Protogygia postera Fauske & Lafontaine, 2004

93-3294

Identification

Adults

Protogygia postera flies the latest in the season of four streaky gray to brown Protogygia species with fused forewing orbicular and reniform spots. They are difficult to identify by appearance but can usually be sorted by combination of subtle features of the maculation, size, and flight period. Protogygia postera is relatively small (FW length 15 - 17 mm) and has a light gray brown dorsal forewing that is darkest in the margin and lacks dark transverse lines. It has a streaky look due to dark veins and lighter color near the veins. A few specimens have dark wedges between the veins near the margin, but these and a terminal line are usually lacking. A thin black basal dash is present. The light orbicular and reniform spots are filled with the ground color and surrounded by dark, especially toward the trailing margin. The orbilar spot is very long and weakly diamond-shaped, and the reniform spot is thin and arrowhead-shaped. The hindwings are nearly white in both sexes. The top of the head is gray-brown. The base of the thorax is light silver gray, separated from the gray-brown margin by a thin black transverse line. The rest of the thorax is gray-brown with gray margins to the tegulae. The male antenna is filiform with weak fasciculations.

This species has the latest flight period of these species and can usually be identified by phenology alone. It is most similar to Protogygia lagena but has finer markings and lacks dark wedges and a terminal line unlike most specimens of this species. Females of P. lagena have darker hindwings than those of P. postera. Protogygia enalaga usually flies earlier than P. postera. It has lighter gray forewings, especially the costa, appears streakier, and has a terminal line comprised of a series of dark dots. This species could potentially be confused with Euxoa species with fused forewing spots, especially Euxoa atristrigata which flies in late summer in dry environments. This species has black spots, not light as in P. postera. It is also generally similar to Rhizagrotis cloanthoides, but this species has an irregular series of black marks on the distal forewing that P. postera lacks.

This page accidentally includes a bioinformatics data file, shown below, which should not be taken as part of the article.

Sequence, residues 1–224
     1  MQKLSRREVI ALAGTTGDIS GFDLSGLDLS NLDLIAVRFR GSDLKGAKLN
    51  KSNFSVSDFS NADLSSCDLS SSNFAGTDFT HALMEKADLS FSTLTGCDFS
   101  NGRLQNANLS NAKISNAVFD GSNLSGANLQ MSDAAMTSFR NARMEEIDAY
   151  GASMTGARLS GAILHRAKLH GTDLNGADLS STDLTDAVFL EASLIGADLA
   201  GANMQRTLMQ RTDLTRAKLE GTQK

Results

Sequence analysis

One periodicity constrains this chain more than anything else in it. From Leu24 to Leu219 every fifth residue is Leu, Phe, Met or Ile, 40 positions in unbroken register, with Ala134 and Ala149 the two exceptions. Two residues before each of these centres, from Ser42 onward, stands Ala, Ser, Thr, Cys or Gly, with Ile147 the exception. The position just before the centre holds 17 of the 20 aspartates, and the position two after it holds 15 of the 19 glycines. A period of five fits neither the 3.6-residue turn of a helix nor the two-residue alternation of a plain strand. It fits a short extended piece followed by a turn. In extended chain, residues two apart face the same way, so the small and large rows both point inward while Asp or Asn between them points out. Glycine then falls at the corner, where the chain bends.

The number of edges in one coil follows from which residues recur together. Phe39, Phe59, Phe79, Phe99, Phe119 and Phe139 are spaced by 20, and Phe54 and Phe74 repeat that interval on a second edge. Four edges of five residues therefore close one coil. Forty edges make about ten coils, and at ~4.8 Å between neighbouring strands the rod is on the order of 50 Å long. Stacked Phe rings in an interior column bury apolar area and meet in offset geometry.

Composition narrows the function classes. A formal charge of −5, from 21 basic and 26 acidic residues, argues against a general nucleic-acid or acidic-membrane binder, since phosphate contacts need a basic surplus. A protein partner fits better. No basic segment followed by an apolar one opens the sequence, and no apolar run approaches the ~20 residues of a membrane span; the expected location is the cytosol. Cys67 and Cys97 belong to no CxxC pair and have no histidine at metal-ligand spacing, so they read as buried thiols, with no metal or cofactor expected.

The type locality of Protogygia postera Fauske and Lafontaine is Alkali Lake, Lake County, Oregon.

Habitat

This species is widely distributed in dry desert habitats throughout much of western North America.  In the Pacific Northwest, it is widely distributed on very dry sagebrush steppe at low elevations east of the Cascades, but is most abundant in the Alvord Desert of southeastern Oregon.

Distribution

Pacific Northwest

Protogygia postera is found in the dry interior steppes of Washington and Oregon. It has been found as far north as Grant County, Washington. Most of our records are from southeastern Oregon.

Global

This species reaches its northwestern limit in the Pacific Northwest. It is found further south in the Intermountain region from eastern California to south-western Wyoming and northern New Mexico. Further north it has been collected on the plains of southern Alberta and Saskatchewan.

Life History

Larvae

No information is presently available regarding larval foodplants of this species.

Adults

This species flies during July and August, occasionally as late as September, later in the summer than the other similar Protogygia species in our region.

Economic Importance

None.

Literature

Lafontaine & Fauske (2004)

Moth Photographers Group